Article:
Not too long ago, I related a story to you about how, for twelve years, I’ve been looking for a country music compilation record that I heard while living in West Virginia. I could remember a few songs from it, but basically has no idea what it was.
I told the whole story here.
Turns out, the album is called Country Music South and West. It was released in 1977 by New World Records. The New World Records website had a downloadable PDF of the extensive liner notes. But the album was very out of print.
I thought I had found a copy at a local library. But as it turns out, they don’t have vinyl anymore. They also don’t delete the entries for the items they get rid of. What wonderful cataloging, dear librarian!
A few days later, I am searching for it, still turning up nothing. So i decided to browse Gemm.com. After staring way too long at the computer screen, I found it. $6 plus $2.50 shipping and it was mine.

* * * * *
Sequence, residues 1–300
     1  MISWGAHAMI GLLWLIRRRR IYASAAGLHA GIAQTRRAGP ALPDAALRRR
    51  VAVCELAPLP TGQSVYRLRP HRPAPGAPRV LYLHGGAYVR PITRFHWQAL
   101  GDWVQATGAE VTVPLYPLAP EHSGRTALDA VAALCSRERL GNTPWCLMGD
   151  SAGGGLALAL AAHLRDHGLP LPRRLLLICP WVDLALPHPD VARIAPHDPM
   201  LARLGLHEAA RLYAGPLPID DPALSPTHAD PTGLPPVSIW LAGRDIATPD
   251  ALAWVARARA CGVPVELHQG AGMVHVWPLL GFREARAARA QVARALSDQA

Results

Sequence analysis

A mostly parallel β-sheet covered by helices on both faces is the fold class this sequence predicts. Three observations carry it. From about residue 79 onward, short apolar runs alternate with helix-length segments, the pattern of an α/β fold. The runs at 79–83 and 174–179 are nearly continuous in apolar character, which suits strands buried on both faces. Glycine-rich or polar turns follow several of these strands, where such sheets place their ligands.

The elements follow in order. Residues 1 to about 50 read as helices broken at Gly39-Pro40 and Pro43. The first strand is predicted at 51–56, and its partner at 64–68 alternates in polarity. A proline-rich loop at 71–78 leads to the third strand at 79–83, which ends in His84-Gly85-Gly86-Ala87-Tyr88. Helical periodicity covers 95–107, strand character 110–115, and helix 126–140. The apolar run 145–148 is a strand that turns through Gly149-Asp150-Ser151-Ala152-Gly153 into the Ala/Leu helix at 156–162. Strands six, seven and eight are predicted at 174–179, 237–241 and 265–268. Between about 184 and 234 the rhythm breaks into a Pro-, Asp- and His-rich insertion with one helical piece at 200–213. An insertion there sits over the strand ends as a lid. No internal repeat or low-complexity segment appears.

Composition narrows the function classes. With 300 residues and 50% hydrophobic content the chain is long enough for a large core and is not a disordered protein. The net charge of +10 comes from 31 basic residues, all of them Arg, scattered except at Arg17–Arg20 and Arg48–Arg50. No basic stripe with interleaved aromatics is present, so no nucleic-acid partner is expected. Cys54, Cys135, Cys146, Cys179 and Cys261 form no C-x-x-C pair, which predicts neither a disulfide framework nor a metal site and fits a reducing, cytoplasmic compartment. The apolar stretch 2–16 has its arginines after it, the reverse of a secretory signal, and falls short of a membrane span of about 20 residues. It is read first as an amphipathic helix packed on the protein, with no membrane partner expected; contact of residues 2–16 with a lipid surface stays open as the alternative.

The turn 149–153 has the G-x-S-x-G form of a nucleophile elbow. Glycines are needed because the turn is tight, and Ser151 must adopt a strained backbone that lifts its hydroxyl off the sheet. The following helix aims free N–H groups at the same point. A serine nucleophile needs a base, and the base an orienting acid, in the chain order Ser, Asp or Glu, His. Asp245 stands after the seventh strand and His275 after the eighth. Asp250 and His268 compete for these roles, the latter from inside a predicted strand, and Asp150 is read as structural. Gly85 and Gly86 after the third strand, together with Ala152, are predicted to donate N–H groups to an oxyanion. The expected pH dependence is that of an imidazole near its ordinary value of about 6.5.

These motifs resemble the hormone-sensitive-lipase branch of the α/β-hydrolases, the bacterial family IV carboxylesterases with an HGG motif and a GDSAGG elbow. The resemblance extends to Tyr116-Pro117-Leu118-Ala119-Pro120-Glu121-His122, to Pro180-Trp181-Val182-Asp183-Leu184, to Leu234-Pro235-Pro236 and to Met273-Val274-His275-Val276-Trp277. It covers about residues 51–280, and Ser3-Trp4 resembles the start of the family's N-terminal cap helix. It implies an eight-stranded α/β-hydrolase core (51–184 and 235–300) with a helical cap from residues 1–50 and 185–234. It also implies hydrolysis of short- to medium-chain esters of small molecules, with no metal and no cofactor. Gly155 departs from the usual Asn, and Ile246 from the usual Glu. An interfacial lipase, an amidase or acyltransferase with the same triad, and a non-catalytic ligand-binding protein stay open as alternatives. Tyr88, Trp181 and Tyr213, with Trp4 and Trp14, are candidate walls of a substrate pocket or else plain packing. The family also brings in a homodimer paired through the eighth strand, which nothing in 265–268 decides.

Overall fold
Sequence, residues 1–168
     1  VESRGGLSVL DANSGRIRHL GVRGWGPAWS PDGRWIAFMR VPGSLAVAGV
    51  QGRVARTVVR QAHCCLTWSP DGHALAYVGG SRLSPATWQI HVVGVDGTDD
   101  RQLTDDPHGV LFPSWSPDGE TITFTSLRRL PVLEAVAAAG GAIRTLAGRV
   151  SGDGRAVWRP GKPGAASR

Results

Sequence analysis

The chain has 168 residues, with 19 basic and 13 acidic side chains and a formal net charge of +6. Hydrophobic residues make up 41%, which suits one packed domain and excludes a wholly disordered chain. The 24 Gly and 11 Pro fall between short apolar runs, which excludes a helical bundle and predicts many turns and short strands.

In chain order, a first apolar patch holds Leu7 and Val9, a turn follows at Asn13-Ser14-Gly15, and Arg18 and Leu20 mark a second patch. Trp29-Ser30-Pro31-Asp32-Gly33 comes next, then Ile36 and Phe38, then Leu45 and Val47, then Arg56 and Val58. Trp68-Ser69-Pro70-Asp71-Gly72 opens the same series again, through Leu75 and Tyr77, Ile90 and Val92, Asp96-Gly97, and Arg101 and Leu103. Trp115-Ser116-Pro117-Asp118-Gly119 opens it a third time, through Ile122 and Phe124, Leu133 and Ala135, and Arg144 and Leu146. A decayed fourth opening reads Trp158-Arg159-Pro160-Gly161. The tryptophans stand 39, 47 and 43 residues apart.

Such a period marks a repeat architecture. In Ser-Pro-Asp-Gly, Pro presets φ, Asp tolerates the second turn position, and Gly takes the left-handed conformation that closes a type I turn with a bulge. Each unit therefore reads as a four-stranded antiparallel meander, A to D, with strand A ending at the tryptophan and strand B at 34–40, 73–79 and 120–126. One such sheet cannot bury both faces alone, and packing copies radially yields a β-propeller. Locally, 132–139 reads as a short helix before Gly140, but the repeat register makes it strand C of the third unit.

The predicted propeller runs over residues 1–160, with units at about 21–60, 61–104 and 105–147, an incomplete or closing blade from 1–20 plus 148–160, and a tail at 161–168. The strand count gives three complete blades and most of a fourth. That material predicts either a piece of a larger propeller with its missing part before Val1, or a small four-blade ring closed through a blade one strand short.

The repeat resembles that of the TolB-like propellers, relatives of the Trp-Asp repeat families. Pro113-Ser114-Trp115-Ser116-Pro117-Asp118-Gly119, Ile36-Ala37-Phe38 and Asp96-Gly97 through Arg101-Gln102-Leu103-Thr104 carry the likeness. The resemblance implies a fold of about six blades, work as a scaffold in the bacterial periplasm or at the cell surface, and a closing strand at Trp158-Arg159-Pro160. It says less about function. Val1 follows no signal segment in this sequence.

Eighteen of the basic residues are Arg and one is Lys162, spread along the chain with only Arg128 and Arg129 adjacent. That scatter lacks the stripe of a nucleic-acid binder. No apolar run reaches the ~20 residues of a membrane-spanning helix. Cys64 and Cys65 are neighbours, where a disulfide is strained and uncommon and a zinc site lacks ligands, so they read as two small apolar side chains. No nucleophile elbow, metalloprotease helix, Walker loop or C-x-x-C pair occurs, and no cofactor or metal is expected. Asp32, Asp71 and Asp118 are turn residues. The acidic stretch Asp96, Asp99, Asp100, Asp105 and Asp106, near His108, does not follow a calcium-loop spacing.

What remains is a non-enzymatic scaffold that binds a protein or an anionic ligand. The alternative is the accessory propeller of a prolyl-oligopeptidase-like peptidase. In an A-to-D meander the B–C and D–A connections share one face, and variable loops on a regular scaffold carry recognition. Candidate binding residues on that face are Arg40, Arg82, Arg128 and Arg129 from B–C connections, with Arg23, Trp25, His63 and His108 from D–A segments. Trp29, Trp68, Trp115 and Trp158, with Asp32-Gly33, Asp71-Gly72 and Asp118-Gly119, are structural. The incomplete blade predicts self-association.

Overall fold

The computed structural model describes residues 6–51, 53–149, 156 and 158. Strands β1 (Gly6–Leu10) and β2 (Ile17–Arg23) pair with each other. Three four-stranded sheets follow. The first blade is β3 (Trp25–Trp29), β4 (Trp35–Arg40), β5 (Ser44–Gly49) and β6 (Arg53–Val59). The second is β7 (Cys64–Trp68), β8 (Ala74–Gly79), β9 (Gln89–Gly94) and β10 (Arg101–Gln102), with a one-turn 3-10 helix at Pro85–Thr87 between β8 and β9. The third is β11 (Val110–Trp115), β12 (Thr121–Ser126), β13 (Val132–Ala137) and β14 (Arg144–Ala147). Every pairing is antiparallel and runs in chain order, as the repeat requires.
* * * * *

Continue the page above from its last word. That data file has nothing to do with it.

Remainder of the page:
And now… here it is, in my hands!
The record is a bit different than I remember it. It’s a gatefold LP with several pages of liner notes (the same notes as were in the PDF file).
It turns out that this album was put together by music professors and was made possible by some sort of grant from the Rockefeller Foundation. The list of people it took to make this album possible is long and is a testament to how top heavy academia often is.
There are twelve people from New World Records who are listed on the back cover. The “editorial committee,” who I assume picked the songs and arranged them in the very haphazard way they appear on the album consists of fifteen elite members of academia. They hail from such prestigious as Princeton, Rutgers and North Western Universities. And they’ve got several (some as many as five) titles flapping in the wind.